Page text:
Visiting Kyoto

When Cute Husband and I first began dating he had just returned from a post-college traveling adventure and regaled me with tales of how incredibly charming the city of Kyoto was.  So of course, when we moved to Japan, a visit to Kyoto was tops on our “Japan List!”  Cute Husband has never, ever steered me wrong, and certainly didn’t this time.

We left Tokyo on the Shinkansen {bullet train} and arrived in Kyoto in under two and a half hours.  Not bad for a trip of almost 300 miles in the pouring rain!

Our first stop was Nijo Castle, which was built in 1603.  In addition to its architectural beauty, Nijo is famous for its “nightingale floor,” designed to make noise from even the slightest weight, so that invading ninjas could be detected!  You can only imagine the fun The Cuties had trying to walk as stealthily as possibly around corners to see if we could hear them coming!

I am particularly fond of Japanese roof lines, and Nijo had lovely ones ~ especially around this chimney.

We switched things up a bit next and headed to Takashimaya, a fabulous Japanese department store that was founded in Kyoto as a kimono shop.  Any readers who are New Yorkers may have visited their beautiful store there before they closed about two years ago.  Big Cutie was in desperate need of some new shoes, so she was the lucky shopper. I pressed my nose up against the pink and green Goyard totes salivating, hoping someone might take notice of my fawning, but alas, no such luck!

On Friday, the skies cleared and we started our day at Kinkakku-ji Temple, often referred to as the Golden Pavilion.  And boy was she a sight to behold!

This was originally a Shogun’s retirement home.  Not so shabby, eh?  The entire building is covered in gold leaf, which having attempted some craft projects with this material myself, is awe-inspiring.

When the Shogun died, he left behind his bonsai tree.  Apparently it’s a great responsibility to care for the Shogun’s bonsai and you simply can not let it die.  So the caretakers opted to plant it outside and let it take root instead of continuously clipping the roots and branches in a pot.  And so this is what a 700+ year old bonsai tree looks like ~

{Little Cutie is currently working on a research project on bonsai and was thrilled to find this to add to her presentation!}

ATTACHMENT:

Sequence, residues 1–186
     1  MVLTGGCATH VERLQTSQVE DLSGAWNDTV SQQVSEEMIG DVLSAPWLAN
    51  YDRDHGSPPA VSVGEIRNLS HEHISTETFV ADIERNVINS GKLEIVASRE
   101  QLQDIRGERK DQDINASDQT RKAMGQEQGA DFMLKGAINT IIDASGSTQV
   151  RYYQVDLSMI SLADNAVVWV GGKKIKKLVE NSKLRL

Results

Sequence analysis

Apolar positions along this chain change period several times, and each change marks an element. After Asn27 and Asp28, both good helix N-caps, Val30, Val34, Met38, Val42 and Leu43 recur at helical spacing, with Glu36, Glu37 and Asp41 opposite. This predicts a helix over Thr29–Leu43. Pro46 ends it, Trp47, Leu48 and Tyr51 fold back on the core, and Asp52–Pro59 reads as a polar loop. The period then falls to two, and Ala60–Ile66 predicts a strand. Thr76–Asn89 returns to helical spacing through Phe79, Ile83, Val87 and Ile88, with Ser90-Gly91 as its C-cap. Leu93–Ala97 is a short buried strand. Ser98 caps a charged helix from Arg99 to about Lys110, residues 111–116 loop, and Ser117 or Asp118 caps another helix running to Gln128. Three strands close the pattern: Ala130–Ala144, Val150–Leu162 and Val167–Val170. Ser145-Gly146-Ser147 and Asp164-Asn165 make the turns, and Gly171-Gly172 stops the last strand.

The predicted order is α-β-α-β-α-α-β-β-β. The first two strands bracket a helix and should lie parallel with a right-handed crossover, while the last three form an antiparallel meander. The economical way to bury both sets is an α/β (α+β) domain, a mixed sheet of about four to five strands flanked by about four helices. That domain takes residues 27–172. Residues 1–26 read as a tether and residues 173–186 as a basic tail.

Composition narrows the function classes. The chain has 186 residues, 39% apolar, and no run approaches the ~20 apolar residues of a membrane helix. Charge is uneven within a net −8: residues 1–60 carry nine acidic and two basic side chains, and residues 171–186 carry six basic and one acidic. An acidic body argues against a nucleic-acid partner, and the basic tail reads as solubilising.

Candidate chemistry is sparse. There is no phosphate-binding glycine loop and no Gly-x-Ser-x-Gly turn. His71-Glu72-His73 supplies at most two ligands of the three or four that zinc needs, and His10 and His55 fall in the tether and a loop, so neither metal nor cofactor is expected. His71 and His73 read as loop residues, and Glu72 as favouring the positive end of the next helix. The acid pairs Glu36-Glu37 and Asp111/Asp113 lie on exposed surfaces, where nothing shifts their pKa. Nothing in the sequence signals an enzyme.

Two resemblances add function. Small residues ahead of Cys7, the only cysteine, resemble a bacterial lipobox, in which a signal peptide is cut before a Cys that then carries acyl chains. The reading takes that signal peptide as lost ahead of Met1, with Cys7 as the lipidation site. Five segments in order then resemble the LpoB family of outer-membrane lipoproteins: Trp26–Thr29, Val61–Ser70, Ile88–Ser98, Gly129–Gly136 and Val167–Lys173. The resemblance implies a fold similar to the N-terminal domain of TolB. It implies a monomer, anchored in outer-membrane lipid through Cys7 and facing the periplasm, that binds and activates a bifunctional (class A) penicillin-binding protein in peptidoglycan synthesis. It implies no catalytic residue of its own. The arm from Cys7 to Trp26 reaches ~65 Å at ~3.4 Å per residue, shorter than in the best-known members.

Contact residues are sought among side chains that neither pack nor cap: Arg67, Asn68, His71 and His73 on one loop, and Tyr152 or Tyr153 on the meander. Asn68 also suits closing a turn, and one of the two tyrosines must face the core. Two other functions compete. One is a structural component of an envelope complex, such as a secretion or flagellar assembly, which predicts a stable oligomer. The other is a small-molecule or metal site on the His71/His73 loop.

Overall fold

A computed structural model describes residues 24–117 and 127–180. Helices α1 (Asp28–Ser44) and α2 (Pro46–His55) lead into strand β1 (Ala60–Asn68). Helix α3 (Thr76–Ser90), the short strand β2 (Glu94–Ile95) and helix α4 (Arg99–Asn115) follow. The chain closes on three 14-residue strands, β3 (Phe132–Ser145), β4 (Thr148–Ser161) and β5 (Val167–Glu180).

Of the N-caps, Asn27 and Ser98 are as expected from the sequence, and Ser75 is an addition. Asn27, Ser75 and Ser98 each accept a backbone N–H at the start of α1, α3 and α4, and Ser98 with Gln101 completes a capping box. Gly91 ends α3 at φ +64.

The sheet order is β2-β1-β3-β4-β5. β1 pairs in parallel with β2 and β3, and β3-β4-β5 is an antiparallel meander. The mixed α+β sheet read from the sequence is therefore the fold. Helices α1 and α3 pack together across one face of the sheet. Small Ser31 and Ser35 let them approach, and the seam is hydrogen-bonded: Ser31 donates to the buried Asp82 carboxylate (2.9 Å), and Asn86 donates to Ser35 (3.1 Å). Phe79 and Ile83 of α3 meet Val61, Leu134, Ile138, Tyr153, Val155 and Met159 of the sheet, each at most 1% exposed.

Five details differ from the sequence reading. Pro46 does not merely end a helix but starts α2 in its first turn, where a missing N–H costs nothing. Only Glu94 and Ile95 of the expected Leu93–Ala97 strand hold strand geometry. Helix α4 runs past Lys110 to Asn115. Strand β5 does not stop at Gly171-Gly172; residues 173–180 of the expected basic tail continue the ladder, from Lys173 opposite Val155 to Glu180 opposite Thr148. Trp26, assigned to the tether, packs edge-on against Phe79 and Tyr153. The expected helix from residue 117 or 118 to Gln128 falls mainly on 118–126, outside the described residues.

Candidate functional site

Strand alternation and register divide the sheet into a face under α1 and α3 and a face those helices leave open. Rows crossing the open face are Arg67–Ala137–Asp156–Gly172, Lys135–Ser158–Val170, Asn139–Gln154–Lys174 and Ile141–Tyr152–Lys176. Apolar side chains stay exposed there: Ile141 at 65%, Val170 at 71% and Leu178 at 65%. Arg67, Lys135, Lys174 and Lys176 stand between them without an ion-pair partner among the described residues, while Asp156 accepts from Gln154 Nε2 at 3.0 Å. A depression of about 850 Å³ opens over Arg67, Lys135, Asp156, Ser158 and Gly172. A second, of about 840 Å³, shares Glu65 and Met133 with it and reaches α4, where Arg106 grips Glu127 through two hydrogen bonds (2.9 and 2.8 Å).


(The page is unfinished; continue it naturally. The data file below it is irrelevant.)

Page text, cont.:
Next we went to Ryoan-ji Temple, which is a dry landscape rock garden.  This is really the most famous of all the rock gardens in Japan, and if you’ve seen a photograph of one, it’s most likely Ryoan-ji.  The Temple uses the technique of kare-sansui, which utilizes no actual water, but the raked patterns in the rocks evoke the illusion of waves in water.  There are 15 rocks within the garden and it is meant to be viewed from a seated position.  Interestingly, while seated only 14 rocks can be seen from any place around the garden {trust me, we tried!}.  There are many different theories as to why this is and you can read about some of them here.

Ryoan-ji had a particularly beautiful tsukubai for people to wash their hands before a tea ceremony.  This one incorporates the square center into the characters on each side to read “I learn only to be content.”

And again my love of rooflines continues….check out the craftsmanship in those layers!

So at this point, I had The Cuties completely worked up in a frenzy of excitement that we were headed to the Japanese Dollhouse Museum.  Only to discover upon arrival a note on the door saying they were closed this week, despite a website proclaiming they were open for business.  We attempted to quickly regroup and opted to go for a boat ride on the river.  This sounded great!  Cute Mom and Dad are huge boaters, The Cuties love being their crew, and Cute Husband and I were content to sit and have everyone else bask in our ability to rally with a Plan B.